Individuals experiencing gambling harm will be able to continue accessing critical support services, with the Andrews Labor Government investing more in Gambler’s Help providers across the state.
Minister for Gaming and Liquor Regulation Marlene Kairouz today visited Ballarat to announce $49 million funding for the Victorian Responsible Gambling Foundation to administer the Local Gambler’s Help Program over three years, with a focus on regional and rural areas.
Offering communities tailored prevention, intervention, and treatment services, the program will support gambling harm prevention and provide financial counselling.
In addition, $2.2 million a year will support Aboriginal and culturally and linguistically diverse community partners to deliver services, including counselling in their own languages.
A new funding model, developed in collaboration with service providers, gives 11 Gambler’s Help partners across 15 areas of Victoria the freedom to determine the kind of financial and therapeutic counselling they offer based on client demand.
Gambler’s Help have identified four service priorities, including:
- Gambling, gaming and the online environment
- Raising awareness among young people and families of the risks associated with gambling
- Support for people with mental illness or drug and alcohol issues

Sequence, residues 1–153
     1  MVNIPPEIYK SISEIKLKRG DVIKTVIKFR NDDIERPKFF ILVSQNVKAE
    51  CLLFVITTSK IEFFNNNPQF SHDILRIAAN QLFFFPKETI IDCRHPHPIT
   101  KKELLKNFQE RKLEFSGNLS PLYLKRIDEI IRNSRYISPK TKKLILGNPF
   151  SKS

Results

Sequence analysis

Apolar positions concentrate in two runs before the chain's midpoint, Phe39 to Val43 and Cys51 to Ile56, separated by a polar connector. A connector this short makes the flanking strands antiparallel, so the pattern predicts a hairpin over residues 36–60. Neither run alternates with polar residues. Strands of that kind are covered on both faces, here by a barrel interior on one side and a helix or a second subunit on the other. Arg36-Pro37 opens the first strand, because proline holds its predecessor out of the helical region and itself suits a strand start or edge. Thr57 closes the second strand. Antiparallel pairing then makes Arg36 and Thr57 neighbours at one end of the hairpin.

- Working with the justice system.
The Victorian Budget 2019/20 committed $153 million over four years to the Foundation, of which the Gambler’s Help funding is the largest portion.
As noted by Minister for Gaming and Liquor Regulation Marlene Kairouz
“We know that some groups are more vulnerable to gambling harm- that’s why we’re targeting at-risk groups to help them get the help they need, when they need it.
As noted by Member for Wendouree Juliana Addison
“This investment in the Local Gambler’s Help Program will ensure communities like ours have ongoing access to high-quality support services.”
As noted by Member for Buninyong Michaela Settle
“The new funding model recognises that the Gambler’s Help partners – as the organisations and people on the ground providing services – are best placed to determine the needs of their communities.”